Here are two major cautions to look out for:
1. Beware of Stock-Picking Experts
I really like the website Stockchase.com, as it summarizes expert opinions on hundreds of different stocks, and you can quickly glance to see if the general consensus for a company is to 'Buy', 'Sell', or 'Hold'. One of the experts' favorite stocks for the longest time, consistently sitting on their 'Top 10 Portfolio' was Crescent Point Energy (CPG). They loved the company's excellent management and its unfaltering monthly dividend. It was the crown jewel of the Canadian energy stocks- a must have and they were all shouting 'Top Pick', and 'Buy'.
Fast forward to this morning- where the top financial headline read: "Energy stocks pummelled as U.S. oil prices drop to a new low."
When oil prices tumbled (and as a direct result so did Crescent Point's stock price), oddly enough the experts' tone changed. The comments now read: "I was always wary of this stock, I never believed the dividend to be sustainable," and "This stock is a challenge, I've been bearish on the energy sector for years." So let's see, the same folks who were shouting at the top of their lungs to invest in this company a few years ago are now claiming that it's not a good buy and it never has been! This is a great example of the dangers of the stock market clairvoyant - no one can predict the future 100% of the time, especially with commodities like oil, gas or gold where hundreds of independent factors play into their value.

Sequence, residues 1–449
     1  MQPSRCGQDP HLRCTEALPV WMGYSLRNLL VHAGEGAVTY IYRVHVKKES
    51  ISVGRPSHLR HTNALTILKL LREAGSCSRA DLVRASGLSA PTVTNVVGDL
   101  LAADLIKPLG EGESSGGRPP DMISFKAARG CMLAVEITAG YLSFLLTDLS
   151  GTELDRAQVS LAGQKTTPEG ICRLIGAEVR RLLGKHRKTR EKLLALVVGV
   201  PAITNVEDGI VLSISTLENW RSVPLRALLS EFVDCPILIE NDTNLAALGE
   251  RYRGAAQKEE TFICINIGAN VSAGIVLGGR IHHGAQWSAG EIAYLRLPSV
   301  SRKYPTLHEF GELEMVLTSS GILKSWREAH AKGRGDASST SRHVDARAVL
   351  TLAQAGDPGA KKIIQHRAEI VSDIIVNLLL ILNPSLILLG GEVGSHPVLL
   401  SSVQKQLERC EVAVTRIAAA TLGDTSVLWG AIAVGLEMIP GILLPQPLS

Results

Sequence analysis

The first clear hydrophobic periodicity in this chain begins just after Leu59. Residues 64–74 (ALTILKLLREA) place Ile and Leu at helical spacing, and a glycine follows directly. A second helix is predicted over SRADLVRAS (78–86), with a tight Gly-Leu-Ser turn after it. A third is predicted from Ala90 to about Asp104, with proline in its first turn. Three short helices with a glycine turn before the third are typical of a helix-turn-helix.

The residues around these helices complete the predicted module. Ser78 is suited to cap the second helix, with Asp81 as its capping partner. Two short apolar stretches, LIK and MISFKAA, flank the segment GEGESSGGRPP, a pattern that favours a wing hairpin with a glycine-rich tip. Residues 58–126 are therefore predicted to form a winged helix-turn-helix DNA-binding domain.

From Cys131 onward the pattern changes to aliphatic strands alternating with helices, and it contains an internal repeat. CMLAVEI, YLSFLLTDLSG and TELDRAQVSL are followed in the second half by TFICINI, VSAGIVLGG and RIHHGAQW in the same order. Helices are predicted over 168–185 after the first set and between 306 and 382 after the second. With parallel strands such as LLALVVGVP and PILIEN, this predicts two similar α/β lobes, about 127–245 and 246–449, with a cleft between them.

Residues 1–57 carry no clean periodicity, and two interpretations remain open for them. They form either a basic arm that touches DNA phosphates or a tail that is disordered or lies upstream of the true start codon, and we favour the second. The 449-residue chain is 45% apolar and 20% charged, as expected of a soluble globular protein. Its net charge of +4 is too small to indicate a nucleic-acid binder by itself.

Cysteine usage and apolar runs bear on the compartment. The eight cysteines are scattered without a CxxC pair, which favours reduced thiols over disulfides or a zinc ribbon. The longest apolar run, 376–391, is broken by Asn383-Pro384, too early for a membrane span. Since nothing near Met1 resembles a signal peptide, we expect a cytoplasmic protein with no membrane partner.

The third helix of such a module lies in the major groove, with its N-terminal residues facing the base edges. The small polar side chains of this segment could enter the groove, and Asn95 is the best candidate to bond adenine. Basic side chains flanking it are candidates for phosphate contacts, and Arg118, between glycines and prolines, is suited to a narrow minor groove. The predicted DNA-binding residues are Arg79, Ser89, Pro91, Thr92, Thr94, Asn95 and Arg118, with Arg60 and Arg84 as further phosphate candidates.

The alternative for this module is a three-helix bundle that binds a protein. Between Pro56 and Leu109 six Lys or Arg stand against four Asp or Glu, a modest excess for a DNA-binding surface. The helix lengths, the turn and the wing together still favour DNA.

2. Self-Interest Recommendations
I'm talking about banks that push great deals or amazing mutual funds that supposedly consistently beat the market. Remember, a managed mutual fund means there's a broker sitting in an office taking 2-3% of your money to stick it in a bunch of stocks he or she deems better than the rest. Not only does this obliterate your profits, statistics have shown that these investments consistently under-perform the market! So be aware of too-good-to-be-true returns, check the fine print, or better yet, buy passively-managed mutual funds with lower manager fees, or Exchange Traded Funds (ETF's).
So remember, take investing advice with a grain of salt, and if someone is making it sound complicated to try and impress you and make you think they know their stuff, be cautious - investing your money should be simple and easy to understand and not intimidating and confusing. A true expert keeps it simple.